After something unthinkable happened in a restroom during a service at Immanuel Baptist Church in January, one of the church-goers had something urgent to say to his pastor.
Steven William Richard, 28, had just locked a six-year-old boy (who was attending church with his grandfather) in a toilet stall and molested him, and now he wanted to make things right, at least as far as he could see it.
“I specifically said, ‘I need to speak with you in private,’” Richard said in an affidavit in his court file, of his request to his pastor, Matthew Herron. “I stated: ‘I screwed up.’ Pastor Herron asked me, ‘What did you do?’ I responded, ‘I was in the bathroom and gave a small boy a .....!” Herron would later explain in court that he next asked Richard to wait in a balcony near his office where he could keep an eye on him while he met with other churchgoers after that 10 a.m. service.
“A few minutes later the pastor came upstairs and said that he had spoken with a couple other people and they had to call the cops,” Richard said in his affidavit.
Richard, in his affidavit, describes why he thinks it’s unfair that police were called: “I did not at any time tell Pastor Herron that it was okay to call the police. I told him that I wanted to talk to the boy’s family and let them know what had happened and ask for forgiveness. I thought Pastor Herron would counsel all of us.”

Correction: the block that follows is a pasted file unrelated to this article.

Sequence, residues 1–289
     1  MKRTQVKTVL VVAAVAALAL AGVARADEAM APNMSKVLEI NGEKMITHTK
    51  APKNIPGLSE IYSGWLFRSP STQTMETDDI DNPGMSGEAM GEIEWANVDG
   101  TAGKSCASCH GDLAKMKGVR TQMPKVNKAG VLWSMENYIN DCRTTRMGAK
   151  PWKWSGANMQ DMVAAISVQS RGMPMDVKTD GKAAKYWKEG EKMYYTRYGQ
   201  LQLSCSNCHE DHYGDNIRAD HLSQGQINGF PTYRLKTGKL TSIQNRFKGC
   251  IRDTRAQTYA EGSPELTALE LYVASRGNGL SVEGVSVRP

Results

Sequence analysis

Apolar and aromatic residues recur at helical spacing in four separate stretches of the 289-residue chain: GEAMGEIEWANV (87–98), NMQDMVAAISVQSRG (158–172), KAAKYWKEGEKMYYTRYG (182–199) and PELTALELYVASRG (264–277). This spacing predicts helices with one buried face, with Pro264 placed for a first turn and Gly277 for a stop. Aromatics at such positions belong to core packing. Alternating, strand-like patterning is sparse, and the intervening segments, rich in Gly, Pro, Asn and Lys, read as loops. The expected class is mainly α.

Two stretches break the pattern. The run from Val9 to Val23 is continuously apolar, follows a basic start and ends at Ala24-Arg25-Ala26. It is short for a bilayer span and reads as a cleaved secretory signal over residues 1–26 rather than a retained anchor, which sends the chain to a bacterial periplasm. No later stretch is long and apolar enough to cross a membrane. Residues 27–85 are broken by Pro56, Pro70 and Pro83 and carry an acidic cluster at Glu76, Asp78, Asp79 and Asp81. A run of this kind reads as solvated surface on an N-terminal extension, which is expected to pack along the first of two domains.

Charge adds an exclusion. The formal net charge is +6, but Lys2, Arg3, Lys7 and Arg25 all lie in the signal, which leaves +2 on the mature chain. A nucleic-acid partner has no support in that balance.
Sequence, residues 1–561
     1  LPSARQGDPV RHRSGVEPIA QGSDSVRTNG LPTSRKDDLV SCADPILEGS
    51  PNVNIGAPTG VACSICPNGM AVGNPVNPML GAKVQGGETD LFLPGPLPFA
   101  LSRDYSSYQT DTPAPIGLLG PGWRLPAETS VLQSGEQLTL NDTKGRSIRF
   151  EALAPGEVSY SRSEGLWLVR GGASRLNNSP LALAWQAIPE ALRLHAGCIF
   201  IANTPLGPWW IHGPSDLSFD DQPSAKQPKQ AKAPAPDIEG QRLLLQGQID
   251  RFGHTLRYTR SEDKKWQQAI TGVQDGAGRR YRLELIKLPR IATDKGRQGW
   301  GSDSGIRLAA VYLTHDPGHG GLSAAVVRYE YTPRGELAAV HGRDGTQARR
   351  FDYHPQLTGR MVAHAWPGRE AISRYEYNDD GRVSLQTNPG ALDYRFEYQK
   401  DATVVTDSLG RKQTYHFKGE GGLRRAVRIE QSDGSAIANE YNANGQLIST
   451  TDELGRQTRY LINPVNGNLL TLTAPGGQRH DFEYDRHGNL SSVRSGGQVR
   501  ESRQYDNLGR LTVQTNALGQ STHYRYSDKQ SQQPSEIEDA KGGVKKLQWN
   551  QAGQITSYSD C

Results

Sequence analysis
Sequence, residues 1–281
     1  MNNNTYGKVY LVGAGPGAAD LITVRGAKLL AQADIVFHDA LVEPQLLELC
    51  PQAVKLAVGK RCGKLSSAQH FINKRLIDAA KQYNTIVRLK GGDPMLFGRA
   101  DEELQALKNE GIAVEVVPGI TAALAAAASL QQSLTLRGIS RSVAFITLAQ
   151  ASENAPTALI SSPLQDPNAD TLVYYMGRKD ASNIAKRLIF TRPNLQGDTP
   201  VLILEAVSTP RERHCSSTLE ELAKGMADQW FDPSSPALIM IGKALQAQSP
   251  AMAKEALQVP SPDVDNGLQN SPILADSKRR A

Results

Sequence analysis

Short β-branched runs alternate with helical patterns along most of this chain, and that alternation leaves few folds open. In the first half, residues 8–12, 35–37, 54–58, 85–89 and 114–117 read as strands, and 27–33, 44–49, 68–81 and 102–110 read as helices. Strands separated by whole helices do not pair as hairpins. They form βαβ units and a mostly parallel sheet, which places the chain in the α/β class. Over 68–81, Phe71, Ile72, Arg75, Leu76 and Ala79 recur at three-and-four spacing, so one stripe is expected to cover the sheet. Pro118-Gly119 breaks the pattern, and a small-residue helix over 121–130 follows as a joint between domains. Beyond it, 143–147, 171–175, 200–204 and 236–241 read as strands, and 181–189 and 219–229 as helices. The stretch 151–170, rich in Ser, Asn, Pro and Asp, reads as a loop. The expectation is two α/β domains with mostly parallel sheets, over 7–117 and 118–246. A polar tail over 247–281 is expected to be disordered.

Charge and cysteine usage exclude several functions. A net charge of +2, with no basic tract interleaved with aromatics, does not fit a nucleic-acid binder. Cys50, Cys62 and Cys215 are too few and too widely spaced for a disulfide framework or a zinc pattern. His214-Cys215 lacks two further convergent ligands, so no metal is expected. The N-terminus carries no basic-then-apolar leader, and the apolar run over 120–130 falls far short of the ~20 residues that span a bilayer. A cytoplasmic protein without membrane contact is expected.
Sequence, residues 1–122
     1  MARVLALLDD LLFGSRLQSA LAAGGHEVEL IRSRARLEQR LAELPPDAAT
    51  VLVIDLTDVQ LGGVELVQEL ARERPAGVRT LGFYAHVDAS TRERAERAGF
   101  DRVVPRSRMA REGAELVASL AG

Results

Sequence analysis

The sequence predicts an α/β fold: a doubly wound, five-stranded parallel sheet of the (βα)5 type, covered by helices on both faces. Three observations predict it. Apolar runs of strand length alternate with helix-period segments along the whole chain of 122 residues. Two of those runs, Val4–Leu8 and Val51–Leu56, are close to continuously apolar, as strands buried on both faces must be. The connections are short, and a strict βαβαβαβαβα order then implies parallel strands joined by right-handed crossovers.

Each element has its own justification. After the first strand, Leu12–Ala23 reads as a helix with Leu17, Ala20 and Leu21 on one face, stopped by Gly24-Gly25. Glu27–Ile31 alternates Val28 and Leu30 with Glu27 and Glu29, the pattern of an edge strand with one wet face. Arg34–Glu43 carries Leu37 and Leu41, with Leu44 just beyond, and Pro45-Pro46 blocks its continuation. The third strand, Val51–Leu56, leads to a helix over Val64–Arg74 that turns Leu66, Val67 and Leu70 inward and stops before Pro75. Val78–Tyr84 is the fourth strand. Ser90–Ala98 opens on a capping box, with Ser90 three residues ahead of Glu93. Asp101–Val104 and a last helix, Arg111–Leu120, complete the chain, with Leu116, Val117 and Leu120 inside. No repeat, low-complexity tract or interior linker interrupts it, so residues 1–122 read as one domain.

MOTION TO SUPPRESS
Now Richard and his attorney, David Clark, seek to have the admissions Richard made to Pastor Herron that day and all of the evidence that stemmed from the ensuing police investigation thrown out.
Clark argues that Richard had an expectation of privacy due to “clergy-penitent” privilege, and that to prosecute him based on the information that flowed from his conversation with Herron would violate Richard’s constitutional due process rights.
On March 1, Circuit Court Judge Philip Rodgers ruled against Clark’s motion to suppress evidence. Now the case is on hold and the trial date has been pushed back until at least June after Clark filed a motion for leave to appeal Rodgers’ decision to the Michigan Court of Appeals.
Richard is charged with first-degree criminal sexual conduct, which carries life in prison.
He is also charged as a two-time offender, which could mean he could receive a sentence of life without parole if he is convicted.
Richard was convicted in 2007 of committing indecent acts or liberties with a child at the United States Marine Corps’ Camp Lejeune in North Carolina. He had been released from federal prison within six months of the recent incident and he was on federal probation.
SOUGHT ‘SPIRITUAL COUNSELING’
Clark maintains in his arguments that what Richard sought when he went to Herron after that service was “spiritual counseling.”
He argues that Richard should have been able to expect what he told the pastor to remain confidential.
Clark reasons that if what was discussed had remained between his client and his client’s pastor, none of the police investigation that stemmed from it would have occurred, so all of the evidence subsequently collected by Grand Traverse County Sheriff’s Office investigators would not have been collected.
That includes a evidence that Richard’s mother told detectives -- that her son called her while he waited for Herron in the balcony and he said: “I did it again.”